United States District Court, D. Kansas
MEMORANDUM AND ORDER AND ORDER TO SHOW CAUSE
Crow U.S. Senior District Judge
Bontey Juwor is hereby required to show good cause, in
writing, to the Honorable Sam A. Crow, United States District
Judge, why this action should not be dismissed due to the
deficiencies in Plaintiff's Complaint that are discussed
Nature of the Matter before the Court
alleges that on October 30, 2017, while he was housed at the
Shawnee County Jail in Topeka, Kansas, he asked Correctional
Officer Loni Larson why they were on lockdown every time she
was working. Larson replied “not my monkey, not my
jail.” Plaintiff states that he was highly offended by
Officer Larson's racially insensitive comment toward him.
Plaintiff seeks $100, 000 in damages.
Statutory Screening of Prisoner Complaints
Court is required to screen complaints brought by prisoners
seeking relief against a governmental entity or an officer or
an employee of a governmental entity. 28 U.S.C. §
1915A(a). The Court must dismiss a complaint or portion
thereof if a plaintiff has raised claims that are legally
frivolous or malicious, that fail to state a claim upon which
relief may be granted, or that seek monetary relief from a
defendant who is immune from such relief. 28 U.S.C. §
state a claim under § 1983, a plaintiff must allege the
violation of a right secured by the Constitution and laws of
the United States, and must show that the alleged deprivation
was committed by a person acting under color of state
law.” West v. Atkins, 487 U.S. 42, 48
(1988)(citations omitted); Northington v. Jackson,
973 F.2d 1518, 1523 (10th Cir. 1992). A court liberally
construes a pro se complaint and applies “less
stringent standards than formal pleadings drafted by
lawyers.” Erickson v. Pardus, 551 U.S. 89, 94
(2007). In addition, the court accepts all well-pleaded
allegations in the complaint as true. Anderson v.
Blake, 469 F.3d 910, 913 (10th Cir. 2006). On the other
hand, “when the allegations in a complaint, however
true, could not raise a claim of entitlement to relief,
” dismissal is appropriate. Bell Atlantic Corp. v.
Twombly, 550 U.S. 544, 558 (2007).
se litigant's “conclusory allegations without
supporting factual averments are insufficient to state a
claim upon which relief can be based.” Hall v.
Bellmon, 935 F.2d 1106, 1110 (10th Cir. 1991).
“[A] plaintiff's obligation to provide the
‘grounds' of his ‘entitle[ment] to
relief' requires more than labels and conclusions, and a
formulaic recitation of the elements of a cause of
action.” Twombly, 550 U.S. at 555 (citations
omitted). The complaint's “factual allegations must
be enough to raise a right to relief above the speculative
level” and “to state a claim to relief that is
plausible on its face.” Id. at 555, 570.
Tenth Circuit Court of Appeals has explained “that, to
state a claim in federal court, a complaint must explain what
each defendant did to [the pro se plaintiff]; when the
defendant did it; how the defendant's action harmed [the
plaintiff]; and, what specific legal right the plaintiff
believes the defendant violated.” Nasious v. Two
Unknown B.I.C.E. Agents, 492 F.3d 1158, 1163 (10th Cir.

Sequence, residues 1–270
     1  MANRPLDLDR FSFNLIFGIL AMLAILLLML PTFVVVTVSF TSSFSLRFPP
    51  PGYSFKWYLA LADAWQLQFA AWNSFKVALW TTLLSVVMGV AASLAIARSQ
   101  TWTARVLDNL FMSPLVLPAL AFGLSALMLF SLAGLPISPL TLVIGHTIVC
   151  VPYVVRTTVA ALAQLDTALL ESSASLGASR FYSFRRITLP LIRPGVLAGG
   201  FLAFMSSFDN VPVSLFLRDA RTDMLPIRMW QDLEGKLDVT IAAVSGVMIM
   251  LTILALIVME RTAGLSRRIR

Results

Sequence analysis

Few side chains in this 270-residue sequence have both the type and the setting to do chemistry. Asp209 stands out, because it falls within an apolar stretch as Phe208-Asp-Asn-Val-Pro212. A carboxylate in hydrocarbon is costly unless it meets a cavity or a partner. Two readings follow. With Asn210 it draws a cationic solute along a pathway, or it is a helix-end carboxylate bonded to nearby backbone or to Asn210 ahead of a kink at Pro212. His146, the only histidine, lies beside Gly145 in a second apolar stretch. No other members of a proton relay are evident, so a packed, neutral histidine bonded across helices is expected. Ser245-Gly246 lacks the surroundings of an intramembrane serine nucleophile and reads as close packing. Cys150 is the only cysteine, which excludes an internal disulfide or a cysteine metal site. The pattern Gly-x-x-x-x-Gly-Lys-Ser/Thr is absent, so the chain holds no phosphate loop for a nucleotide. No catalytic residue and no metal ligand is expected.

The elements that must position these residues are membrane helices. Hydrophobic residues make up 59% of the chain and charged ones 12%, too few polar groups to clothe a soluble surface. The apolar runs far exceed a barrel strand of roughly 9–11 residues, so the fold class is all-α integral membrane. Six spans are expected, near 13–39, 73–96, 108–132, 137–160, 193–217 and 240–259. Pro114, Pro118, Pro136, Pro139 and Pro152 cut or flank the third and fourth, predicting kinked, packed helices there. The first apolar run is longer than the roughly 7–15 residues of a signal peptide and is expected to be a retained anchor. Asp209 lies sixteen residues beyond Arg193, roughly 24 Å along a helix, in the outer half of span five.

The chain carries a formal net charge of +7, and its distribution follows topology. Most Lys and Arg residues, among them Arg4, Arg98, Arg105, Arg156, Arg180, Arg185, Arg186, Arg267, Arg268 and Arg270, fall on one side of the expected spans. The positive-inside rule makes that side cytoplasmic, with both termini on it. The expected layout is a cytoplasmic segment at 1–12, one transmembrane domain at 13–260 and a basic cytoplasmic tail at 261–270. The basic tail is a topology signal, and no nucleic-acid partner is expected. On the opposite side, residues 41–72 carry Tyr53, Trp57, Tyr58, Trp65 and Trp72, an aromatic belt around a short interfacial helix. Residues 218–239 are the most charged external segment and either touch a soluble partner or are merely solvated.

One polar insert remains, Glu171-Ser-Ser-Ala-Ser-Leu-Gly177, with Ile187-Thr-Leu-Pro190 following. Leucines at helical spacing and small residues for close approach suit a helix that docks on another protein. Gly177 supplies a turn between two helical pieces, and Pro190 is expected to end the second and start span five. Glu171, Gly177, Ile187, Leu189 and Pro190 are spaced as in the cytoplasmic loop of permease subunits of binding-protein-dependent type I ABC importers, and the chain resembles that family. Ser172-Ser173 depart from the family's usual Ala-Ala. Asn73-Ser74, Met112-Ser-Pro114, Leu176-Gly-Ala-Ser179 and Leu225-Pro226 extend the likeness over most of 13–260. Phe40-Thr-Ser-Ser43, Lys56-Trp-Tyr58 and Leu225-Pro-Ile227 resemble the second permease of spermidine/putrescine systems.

2007). The court “will not supply additional factual
allegations to round out a plaintiff's complaint or
construct a legal theory on a plaintiff's behalf.”
Whitney v. New Mexico, 113 F.3d 1170, 1173-74 (10th
Cir. 1997) (citation omitted).
Tenth Circuit has pointed out that the Supreme Court's
decisions in Twombly and Erickson gave rise
to a new standard of review for § 1915(e)(2)(B)(ii)
dismissals. See Kay v. Bemis, 500 F.3d 1214, 1218
(10th Cir. 2007)(citations omitted); see also Smith v.
United States, 561 F.3d 1090, 1098 (10th Cir. 2009). As
a result, courts “look to the specific allegations in
the complaint to determine whether they plausibly support a
legal claim for relief.” Kay, 500 F.3d at 1218
(citation omitted). Under this new standard, “a
plaintiff must ‘nudge his claims across the line from
conceivable to plausible.'” Smith, 561
F.3d at 1098 (citation omitted). “Plausible” in
this context does not mean “likely to be true, ”
but rather refers “to the scope of the allegations in a
complaint: if they are so general that they encompass a wide
swath of conduct, much of it innocent, ” then the
plaintiff has not “nudged [his] claims across the line
from conceivable to plausible.” Robbins v.
Oklahoma, 519 F.3d 1242, 1247 (10th Cir. 2008) (citing
Twombly, 127 S.Ct. at 1974).
claim is subject to dismissal because Plaintiff has not
adequately alleged a federal constitutional violation.
“Mere verbal threats or harassment do not rise to the
level of a constitutional violation unless they create
‘terror of instant and unexpected death.'”
Alavarez v. Gonzales, 155 F. App'x 393, 396
(10th Cir. 2005) (citing Northington v. Jackson, 973
F.2d 1518, 1524 (10th Cir. 1992)); see also McBride v.
Deer, 240 F.3d 1287, 1291 n.3 (10th Cir. 2001)
(“[A]cts or omissions resulting in an inmate being
subjected to nothing more than threats and verbal taunts do
not violate the Eighth Amendment.”); Ragland v.
Romer, 73 F.3d 374 (10th Cir.), cert. denied,
518 U.S. 1025 (1996) (“Courts have consistently held
that acts or omissions resulting in an inmate being subjected
to nothing more than threats and verbal taunts do not violate
the Eighth Amendment.”). Plaintiff's allegations do
not suggest a show of deadly force, thus failing to create
“terror of instant and unexpected death.”